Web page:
If you have lax skin and localized fat of the outer thigh and buttock, and your flank area remains full then a lower body lift is a better aesthetic operation for you. This is an important difference which you must discuss with your surgeon.
You may only be concerned with the abdominal component of your body and so the extended abdominoplasty may be a choice you make. I have on occcasion performed the abdominoplasty as a staged procedure for patients who were unsure of the extent of surgery they wished to have. Some have come back for the thigh and buttock lift and some have been pleased with the improvements the abdominoplasty has made. You can only make an educated decision when you have all the information.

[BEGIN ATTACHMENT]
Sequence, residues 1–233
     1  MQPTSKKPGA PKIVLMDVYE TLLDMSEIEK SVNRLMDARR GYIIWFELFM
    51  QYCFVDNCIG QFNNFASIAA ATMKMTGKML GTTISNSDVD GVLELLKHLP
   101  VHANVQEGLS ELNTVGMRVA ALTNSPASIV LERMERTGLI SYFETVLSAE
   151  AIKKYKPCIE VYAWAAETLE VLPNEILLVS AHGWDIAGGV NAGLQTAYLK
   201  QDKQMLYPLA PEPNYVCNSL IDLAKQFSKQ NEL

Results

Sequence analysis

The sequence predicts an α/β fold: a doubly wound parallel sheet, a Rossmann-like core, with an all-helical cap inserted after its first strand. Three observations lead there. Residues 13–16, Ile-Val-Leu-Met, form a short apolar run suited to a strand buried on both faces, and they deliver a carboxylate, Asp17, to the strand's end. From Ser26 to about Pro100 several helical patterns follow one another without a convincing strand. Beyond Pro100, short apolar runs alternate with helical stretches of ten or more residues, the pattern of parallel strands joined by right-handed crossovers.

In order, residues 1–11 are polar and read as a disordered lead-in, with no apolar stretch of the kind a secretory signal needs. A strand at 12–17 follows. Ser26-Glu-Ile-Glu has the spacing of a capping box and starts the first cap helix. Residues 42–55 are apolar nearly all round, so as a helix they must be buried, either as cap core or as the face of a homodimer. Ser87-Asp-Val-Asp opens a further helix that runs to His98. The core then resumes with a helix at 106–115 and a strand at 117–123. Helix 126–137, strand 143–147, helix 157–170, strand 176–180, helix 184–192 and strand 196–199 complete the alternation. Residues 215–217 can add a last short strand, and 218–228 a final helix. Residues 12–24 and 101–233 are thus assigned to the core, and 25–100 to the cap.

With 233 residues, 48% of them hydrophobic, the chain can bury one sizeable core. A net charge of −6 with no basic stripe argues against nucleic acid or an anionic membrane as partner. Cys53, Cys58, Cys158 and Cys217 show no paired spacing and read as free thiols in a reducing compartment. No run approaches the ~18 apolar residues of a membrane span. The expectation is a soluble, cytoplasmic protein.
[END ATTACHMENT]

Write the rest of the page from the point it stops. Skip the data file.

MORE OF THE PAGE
Lower Body lift vs Extended Abdominoplasty
Thank you for sharing your photos. I would recommend consultation with a board certified plastic surgeon with expertise in body contouring procedures.
Based on your photo, I do not see much excess skin in your buttock and hip area. I would therefore recommend an extended abdominoplasty.
I would recommend visiting with your bariatric surgeon and nutritionist to ensure that you are at an optimal weight to undergo the procedure. I typically find patients have a lower risk of complications and achieve better results when they undergo surgery at the lightest weight possible.
I wish you a safe recovery and fantastic result.
Web reference: http://www.drpaulgill.com
What is a lower body lift?